As a novice or expanding classic enthusiast, it can discourage you. We are talking about the dramatically rising prices. Yet you can still - more than once - draw the Jackpot.
Similarly all the way in northern Britain during one pub visit session. While enjoying peace and an alcoholic snack, the conversation - how could it be otherwise - comes to traditional transport. One of the interlocutors knows that close to the establishment, in or near the town of Ulverton, there is a house with a large shed in which there is a classic to be restored.
Think it's an Alfa Romeo
A little apologetically the man says “Think it's an Alfa Romeo" A little later he points out that it is not the most beautiful thing in terms of design, but a designer can also not have his day? So we went they morning after but once to the designated location. The owner is a nice gentleman who is Dutchies want to lead to his domain. It appears indeed to be an Alfa Romeo. Then it becomes clear what the man of last night indicated, a Zagato Junior, so an 1300. And with left steering wheel too. If the memory does not let us down, something more than 1.100 has ever been made (1.108 ??) and it has chassis number 835.
It's a challenge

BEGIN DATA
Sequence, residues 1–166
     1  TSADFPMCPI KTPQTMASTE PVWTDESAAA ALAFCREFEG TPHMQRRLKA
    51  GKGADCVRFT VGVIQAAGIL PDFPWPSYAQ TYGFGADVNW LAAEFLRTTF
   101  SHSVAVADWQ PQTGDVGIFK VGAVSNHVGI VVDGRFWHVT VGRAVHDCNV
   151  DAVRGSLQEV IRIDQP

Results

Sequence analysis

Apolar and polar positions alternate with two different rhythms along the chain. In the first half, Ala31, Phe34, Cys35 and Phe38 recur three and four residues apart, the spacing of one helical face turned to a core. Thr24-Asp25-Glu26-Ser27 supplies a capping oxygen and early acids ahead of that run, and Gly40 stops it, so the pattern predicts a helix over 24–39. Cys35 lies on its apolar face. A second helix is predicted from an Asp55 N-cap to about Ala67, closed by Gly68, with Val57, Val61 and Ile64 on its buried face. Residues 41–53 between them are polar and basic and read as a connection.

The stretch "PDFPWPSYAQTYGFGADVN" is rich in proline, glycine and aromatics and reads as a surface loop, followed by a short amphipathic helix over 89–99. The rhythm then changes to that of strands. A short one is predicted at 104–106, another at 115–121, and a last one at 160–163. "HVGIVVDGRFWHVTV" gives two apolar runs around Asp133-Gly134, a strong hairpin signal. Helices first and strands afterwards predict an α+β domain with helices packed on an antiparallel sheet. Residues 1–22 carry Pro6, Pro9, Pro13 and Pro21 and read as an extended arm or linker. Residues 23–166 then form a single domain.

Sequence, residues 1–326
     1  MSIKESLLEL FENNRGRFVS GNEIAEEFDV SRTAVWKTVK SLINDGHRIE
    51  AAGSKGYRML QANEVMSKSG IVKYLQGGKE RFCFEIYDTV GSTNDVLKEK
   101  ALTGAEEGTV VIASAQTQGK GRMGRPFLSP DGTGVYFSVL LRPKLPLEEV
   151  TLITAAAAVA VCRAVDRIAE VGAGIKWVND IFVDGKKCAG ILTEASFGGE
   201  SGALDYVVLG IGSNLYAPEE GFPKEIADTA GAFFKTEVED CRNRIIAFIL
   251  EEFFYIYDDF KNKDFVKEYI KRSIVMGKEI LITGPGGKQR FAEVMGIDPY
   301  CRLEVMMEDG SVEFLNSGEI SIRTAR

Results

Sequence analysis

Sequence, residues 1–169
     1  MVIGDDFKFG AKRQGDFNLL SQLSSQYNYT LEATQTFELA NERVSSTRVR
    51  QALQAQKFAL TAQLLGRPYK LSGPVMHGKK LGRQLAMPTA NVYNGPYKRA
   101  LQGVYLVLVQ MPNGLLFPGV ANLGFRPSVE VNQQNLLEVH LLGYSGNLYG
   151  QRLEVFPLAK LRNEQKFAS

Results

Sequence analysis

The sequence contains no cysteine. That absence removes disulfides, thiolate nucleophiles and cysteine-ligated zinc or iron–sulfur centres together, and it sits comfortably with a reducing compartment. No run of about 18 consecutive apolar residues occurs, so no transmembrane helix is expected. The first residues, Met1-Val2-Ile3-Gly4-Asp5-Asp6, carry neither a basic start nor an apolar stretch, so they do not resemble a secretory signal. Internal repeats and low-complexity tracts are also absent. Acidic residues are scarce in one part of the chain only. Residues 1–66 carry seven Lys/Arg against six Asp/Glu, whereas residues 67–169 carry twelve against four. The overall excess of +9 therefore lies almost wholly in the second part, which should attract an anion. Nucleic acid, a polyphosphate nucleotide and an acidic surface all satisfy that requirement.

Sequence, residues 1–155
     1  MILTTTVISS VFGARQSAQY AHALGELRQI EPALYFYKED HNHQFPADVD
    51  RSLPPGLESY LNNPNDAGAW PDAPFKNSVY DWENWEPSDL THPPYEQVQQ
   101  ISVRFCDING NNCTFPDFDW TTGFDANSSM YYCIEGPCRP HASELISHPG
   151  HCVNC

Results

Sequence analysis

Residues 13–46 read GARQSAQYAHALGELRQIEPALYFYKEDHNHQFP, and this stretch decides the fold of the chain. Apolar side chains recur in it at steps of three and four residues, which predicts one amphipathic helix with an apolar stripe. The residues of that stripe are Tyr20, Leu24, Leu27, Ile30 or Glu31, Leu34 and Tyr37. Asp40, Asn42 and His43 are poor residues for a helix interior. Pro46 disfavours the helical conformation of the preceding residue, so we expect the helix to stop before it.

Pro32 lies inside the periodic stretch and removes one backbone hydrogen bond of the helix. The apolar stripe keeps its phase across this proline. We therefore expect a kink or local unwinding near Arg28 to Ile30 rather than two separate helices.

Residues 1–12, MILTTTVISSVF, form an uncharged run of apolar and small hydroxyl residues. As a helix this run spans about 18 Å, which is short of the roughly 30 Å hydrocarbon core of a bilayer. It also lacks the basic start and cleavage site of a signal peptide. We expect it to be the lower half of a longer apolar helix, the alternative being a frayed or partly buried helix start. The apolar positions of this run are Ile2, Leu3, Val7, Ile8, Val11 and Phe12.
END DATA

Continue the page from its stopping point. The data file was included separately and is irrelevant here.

The Zagato Junior has been in a shed in Germany for years and now here again a respectable number of years. The German 'Kraftfahrzeug letter"has never even been transferred to a British registration document. Accurate inspection teaches that this is an object for someone who has only one ideal, all the time and would like to retire for years in a damp shed, while cutting, grinding, setting, throbbing, folding and welding and then thoroughly investigating the technique. to take hands. The 1.300 cm3 doubleknocker Decades ago had to make room for an 2 liter of the Milanese house. The motor is stuck. "Yes"The man says"Rest and You have to be a good man, it's a challenge" There is no French word for that. This advice can only be accepted. And then the price comes up. This does not need to be discussed long: £ 4.000 and not one cent less. The man is adamant. Even if he had called double, it would have been interesting, but apparently he is not that well informed in the classic matter? The deal is closed, the item is settled. An hour or four later, all parts are gathered together. One box after the other appears. Thick in the dust. Even the original steering wheel and the 1.300 engine come to light, four more (ATS) rims with tires, a new windshield. Loading and loading takes another hour and well, then the day is almost over. The route goes back to the origin, the pub where it all started. Our 'adviser' is also present again. He hurled home a bit unsteadily that evening. On foot. He lived a few houses away ...